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It’s time to defend—not defund—the IRS

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By Katrina vanden Heuvel

January 19

House Republicans’ first official act—or 16th, if you include all the failed votes for Speaker Kevin McCarthy—was to introduce legislation that would cut new IRS funding allocated by the Inflation Reduction Act.

The bill is unlikely to get through the Senate or past the president’s desk. But this could be a rare issue where Republicans have public opinion on their side. The agency is historically unpopular, with only a third of Americans giving it a favorable review.

Republicans are exploiting Americans’ preternatural fear of the taxman by falsely claiming that the funding will create a “new army of 87,000 new IRS agents.” The truth is that number represents all of the new full-time positions that would be created within the agency—including customer service and IT staff—to make it run more smoothly.

That Republicans are targeting the IRS should come as no surprise: The agency has the authority to hold the wealthy accountable. Democrats ought to make sure it has the funding to do so.

If Democrats could reclaim the narrative on tax policy, they could remind voters that rebuilding the IRS is critical, both to ensure tax compliance for the wealthy and to help small business owners get refunds backlogged by the beleaguered agency.

House Republicans’ so-called Family and Small Business Taxpayer Protection Act hits the trifecta of right-wing politics: It would enrich wealthy Americans under the guise of protecting the middle class; it would increase the deficit; and it is driven by a disinformation campaign suggesting that “Biden’s shadow army” of IRS agents will soon be banging down doors across middle America.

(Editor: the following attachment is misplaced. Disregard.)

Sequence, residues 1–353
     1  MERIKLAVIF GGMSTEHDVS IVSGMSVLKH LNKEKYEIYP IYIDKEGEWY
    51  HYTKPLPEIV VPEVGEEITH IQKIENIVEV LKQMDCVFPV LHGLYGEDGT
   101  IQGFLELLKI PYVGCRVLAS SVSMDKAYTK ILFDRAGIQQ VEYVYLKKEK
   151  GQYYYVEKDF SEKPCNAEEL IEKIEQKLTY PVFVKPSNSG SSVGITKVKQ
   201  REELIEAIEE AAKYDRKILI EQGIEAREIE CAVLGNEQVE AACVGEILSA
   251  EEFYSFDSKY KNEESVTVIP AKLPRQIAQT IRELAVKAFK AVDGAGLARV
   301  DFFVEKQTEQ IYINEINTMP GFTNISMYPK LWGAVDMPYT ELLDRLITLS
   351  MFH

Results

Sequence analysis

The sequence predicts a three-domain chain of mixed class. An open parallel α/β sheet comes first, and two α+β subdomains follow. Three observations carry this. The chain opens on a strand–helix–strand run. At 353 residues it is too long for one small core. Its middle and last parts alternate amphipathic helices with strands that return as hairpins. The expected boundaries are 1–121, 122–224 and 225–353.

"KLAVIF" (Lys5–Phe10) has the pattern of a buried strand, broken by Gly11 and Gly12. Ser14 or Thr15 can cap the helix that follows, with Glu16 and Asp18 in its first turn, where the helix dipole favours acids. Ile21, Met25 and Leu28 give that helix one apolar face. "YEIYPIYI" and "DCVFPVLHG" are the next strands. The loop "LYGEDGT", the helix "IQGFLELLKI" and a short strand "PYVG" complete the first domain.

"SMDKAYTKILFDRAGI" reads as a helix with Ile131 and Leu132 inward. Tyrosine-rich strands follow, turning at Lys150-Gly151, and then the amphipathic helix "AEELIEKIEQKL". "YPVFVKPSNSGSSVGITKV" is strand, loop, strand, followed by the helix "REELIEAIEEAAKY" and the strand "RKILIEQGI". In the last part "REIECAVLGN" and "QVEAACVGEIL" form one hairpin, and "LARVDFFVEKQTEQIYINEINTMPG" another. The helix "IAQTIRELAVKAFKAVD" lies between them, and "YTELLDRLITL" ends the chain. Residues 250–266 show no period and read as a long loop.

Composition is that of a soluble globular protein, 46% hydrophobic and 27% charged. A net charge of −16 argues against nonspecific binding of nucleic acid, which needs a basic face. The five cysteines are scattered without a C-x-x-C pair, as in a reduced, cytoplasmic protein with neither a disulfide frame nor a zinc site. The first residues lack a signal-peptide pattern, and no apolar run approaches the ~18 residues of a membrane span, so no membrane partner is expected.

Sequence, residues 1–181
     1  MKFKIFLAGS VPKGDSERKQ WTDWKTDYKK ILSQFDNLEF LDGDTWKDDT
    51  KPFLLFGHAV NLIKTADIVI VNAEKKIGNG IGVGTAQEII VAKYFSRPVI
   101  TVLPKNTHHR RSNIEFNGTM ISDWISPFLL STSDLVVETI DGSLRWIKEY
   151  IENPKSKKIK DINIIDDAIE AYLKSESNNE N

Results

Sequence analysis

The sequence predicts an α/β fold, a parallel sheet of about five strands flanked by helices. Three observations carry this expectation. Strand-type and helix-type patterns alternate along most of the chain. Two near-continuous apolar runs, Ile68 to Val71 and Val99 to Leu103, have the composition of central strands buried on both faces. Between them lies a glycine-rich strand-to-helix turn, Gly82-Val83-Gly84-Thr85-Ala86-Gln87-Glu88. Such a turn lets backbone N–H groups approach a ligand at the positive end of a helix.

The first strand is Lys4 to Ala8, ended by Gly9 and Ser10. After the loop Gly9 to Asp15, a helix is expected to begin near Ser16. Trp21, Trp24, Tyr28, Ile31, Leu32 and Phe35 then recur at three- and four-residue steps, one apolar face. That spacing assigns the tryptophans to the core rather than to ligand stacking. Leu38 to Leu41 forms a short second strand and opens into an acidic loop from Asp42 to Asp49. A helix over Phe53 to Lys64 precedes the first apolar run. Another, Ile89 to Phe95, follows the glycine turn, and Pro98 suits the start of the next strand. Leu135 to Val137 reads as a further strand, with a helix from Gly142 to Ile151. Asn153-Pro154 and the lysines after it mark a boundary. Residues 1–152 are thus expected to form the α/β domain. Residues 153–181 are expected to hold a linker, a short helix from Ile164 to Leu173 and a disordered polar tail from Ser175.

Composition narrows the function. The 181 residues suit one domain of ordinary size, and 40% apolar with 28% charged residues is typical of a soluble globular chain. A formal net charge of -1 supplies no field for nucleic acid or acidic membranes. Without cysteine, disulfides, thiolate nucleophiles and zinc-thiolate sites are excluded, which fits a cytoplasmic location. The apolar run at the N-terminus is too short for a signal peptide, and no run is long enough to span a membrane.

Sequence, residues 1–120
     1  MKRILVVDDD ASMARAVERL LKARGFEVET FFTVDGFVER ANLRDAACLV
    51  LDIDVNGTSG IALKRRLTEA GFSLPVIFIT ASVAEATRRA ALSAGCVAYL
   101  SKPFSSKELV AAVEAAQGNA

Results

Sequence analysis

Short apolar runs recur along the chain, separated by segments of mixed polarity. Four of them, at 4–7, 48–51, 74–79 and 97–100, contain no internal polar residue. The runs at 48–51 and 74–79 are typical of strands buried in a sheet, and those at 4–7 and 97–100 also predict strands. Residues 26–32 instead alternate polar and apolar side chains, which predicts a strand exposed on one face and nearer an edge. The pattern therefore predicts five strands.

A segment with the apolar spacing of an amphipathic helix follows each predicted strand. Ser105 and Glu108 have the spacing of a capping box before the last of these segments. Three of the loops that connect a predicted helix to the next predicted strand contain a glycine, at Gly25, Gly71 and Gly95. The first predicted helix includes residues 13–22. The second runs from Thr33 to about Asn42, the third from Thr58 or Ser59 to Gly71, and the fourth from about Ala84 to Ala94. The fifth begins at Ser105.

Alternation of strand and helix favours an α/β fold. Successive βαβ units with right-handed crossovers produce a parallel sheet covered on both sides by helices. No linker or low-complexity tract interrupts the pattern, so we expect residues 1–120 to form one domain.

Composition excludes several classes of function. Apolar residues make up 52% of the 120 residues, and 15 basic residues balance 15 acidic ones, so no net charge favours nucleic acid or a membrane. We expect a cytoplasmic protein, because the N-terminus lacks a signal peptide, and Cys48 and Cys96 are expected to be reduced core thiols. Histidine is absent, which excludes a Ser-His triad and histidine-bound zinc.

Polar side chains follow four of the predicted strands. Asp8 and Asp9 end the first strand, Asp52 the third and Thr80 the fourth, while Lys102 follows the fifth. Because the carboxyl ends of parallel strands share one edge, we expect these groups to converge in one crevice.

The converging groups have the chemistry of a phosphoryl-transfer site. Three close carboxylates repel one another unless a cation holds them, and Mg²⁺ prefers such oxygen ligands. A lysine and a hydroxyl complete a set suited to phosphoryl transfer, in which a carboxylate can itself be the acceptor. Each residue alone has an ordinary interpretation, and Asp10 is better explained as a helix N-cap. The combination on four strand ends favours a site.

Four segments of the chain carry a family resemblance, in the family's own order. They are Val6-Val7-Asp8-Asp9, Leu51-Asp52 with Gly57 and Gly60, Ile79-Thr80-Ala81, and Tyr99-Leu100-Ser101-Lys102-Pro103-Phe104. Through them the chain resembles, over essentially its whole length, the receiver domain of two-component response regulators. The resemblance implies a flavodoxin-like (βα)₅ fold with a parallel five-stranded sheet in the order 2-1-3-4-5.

In reality, it is precisely the prolonged underfunding of the IRS that has made the agency more likely to audit low- and middle-income Americans. Hampered by computer systems from the 1960s and limited staff, the agency relies on cheaper automated audits that disproportionately hit everyday taxpayers—even though corporations and wealthy individuals are far more likely to underreport income and underpay their taxes.

With the top 1 percent of earners evading as much as $163 billion in taxes annually, giving the IRS the tools to investigate those making over $400,000 a year could yield $1 trillion over the next decade.

In contrast, the Congressional Budget Office estimated that passage of the Republican bill would increase the deficit by $114.4 billion by encouraging tax cheating and growing the “tax gap”—the almost $500 billion a year that is owed but never paid to the government.

Permitting that gap—which primarily comes from the wealthiest Americans’ outgunning the IRS—also undermines American democracy. Tax policy expert Vanessa Williamson has found in her research that Americans “see taxpaying as an important civic duty,” but two-thirds say the belief that some are not paying their share undermines their faith in the system. (Take, for instance, former president Trump paying just $750 in federal taxes in 2016 and 2017.)

If we want a healthy democracy—one where, as Williamson says, citizens feel a sense of pride when they invest in infrastructure, schools, and parks—we must fight for a tax system that demands accountability from the corporations and individuals who have evaded it for too long.



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I won’t bash the IRS but I will point out the horrible tax code created by the Congress of the United States. 

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